The urgent needs of Oregon's tribal students | Chalkboard Project

The urgent needs of Oregon's tribal students

Wednesday, March 19, 2014 Sue Hildick

In January, we released preliminary findings of the condition of education for members of Oregon’s Indian tribes. Today, we are pleased to release the final report that probes deeper into the educational achievement and attainment of tribal students in Oregon public schools. The analysis was conducted by ECONorthwest and commissioned by the Spirit Mountain Community Fund and the Chalkboard Project.

For the first time, we have an opportunity to outline existing conditions and define the challenges Oregon’s tribal students face. Prior to this study, tribal leaders could not accurately ascertain how tribal members were performing in school. Thanks to a data-sharing agreement among the tribes, the Oregon Department of Education, and ECONorthwest, we were able to discover some outcomes and needs of tribe-enrolled students.

Tribal students in Oregon face many hurdles in educational achievement and attainment. The findings show that 75 percent of Oregon tribe-enrolled students live in low-income households, almost one-third are enrolled in underperforming schools, and nearly 50 percent are attending rural schools. These conditions, along with other factors, have led to significant achievement gaps among Oregon’s tribal students relative to their peers in the state. For example, Oregon tribe-enrolled third grade students have a 5.1-point gap in reading as compared to their peers. In math, tribal-enrolled eighth graders had a 4.7-point gap.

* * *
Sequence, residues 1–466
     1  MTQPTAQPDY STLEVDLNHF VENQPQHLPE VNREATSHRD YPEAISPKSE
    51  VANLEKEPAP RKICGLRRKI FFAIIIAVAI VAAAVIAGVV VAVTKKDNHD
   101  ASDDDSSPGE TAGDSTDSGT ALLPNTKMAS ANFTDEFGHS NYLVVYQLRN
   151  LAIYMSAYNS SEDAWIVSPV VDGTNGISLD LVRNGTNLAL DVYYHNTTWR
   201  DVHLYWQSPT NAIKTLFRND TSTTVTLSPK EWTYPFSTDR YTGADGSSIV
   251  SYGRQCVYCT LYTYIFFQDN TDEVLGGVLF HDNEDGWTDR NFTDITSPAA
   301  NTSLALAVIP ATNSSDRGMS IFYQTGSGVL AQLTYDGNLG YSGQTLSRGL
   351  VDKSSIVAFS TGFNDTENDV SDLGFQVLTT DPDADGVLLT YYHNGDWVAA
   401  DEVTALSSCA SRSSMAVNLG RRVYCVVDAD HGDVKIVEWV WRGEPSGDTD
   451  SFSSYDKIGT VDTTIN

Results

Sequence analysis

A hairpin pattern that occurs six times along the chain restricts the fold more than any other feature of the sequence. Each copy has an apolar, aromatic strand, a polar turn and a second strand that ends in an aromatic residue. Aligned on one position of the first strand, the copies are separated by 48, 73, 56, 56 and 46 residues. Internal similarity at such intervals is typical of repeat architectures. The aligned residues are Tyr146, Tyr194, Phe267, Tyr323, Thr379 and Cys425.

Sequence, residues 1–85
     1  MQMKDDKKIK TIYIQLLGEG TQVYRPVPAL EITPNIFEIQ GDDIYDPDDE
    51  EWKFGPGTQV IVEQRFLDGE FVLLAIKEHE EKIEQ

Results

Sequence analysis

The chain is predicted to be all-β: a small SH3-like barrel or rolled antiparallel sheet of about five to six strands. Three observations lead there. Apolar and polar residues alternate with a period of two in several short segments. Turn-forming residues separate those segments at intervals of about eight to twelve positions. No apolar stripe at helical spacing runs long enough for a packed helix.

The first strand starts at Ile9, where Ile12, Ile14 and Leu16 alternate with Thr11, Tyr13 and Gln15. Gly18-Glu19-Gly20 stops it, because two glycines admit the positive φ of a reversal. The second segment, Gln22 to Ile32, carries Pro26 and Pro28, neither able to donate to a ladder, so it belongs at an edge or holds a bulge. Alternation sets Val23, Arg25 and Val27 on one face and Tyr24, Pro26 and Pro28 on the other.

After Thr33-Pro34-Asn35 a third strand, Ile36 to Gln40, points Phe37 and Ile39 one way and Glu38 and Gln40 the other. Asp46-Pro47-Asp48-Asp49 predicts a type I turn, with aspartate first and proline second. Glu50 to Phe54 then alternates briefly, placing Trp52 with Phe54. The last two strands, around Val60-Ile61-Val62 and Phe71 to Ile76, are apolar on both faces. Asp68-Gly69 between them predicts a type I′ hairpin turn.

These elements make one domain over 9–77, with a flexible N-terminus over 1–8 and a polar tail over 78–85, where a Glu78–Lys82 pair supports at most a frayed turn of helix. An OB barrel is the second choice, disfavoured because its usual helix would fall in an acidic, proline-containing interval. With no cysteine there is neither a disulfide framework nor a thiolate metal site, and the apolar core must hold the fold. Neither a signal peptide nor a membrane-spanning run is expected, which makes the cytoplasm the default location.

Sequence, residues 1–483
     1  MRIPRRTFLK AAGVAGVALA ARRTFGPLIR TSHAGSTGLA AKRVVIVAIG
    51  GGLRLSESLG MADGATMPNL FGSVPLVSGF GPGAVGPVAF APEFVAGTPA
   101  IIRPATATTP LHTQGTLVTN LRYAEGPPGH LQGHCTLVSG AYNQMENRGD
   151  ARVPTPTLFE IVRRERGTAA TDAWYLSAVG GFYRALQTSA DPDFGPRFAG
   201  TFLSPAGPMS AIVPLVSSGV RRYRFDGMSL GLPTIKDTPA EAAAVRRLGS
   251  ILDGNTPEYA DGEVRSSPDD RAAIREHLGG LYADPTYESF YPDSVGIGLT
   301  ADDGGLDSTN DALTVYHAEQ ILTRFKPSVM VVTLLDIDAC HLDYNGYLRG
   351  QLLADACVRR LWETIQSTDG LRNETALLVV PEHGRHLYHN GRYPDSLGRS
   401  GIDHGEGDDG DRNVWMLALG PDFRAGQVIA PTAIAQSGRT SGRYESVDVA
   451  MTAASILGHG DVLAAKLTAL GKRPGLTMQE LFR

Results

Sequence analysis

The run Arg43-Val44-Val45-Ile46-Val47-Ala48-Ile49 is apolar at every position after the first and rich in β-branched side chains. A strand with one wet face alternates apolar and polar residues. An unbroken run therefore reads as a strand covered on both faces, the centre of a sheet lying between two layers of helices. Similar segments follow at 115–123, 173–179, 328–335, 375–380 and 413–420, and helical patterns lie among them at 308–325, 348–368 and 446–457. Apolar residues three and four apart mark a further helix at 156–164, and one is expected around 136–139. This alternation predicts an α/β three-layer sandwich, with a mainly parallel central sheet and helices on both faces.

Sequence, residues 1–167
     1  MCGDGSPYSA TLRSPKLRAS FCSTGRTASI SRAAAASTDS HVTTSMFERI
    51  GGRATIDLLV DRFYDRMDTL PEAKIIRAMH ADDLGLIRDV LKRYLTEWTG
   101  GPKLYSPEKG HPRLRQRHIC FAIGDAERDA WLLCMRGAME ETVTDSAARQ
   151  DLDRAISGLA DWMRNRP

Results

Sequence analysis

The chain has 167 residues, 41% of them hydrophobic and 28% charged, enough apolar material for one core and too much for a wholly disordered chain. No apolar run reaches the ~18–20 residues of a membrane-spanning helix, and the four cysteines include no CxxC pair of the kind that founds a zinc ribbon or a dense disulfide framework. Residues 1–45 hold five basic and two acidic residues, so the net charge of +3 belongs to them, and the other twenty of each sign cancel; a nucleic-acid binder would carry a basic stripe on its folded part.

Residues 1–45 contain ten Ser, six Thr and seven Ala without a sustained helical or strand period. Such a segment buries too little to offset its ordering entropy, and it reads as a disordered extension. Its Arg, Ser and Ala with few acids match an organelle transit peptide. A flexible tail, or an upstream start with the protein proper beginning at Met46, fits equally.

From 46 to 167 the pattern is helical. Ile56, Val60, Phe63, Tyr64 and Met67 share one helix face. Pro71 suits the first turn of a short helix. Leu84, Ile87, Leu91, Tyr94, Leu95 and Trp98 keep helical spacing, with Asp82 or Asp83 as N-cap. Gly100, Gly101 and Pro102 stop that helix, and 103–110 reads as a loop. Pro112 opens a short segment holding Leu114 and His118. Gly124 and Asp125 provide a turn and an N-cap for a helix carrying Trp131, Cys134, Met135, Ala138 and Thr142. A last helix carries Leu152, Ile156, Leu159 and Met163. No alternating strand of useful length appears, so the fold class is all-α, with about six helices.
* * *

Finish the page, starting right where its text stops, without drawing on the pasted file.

At Chalkboard, we believe data is a powerful storyteller. We hope the data from this report creates a sense of urgency and will trigger actionable steps among tribal leaders, educators, and policymakers. As Kathleen George, community fund director from the Spirit Mountain Community Fund said, “Too many tribal kids are out of sight and out of mind in our education system…. These kids cannot wait any longer to get an effective education.”

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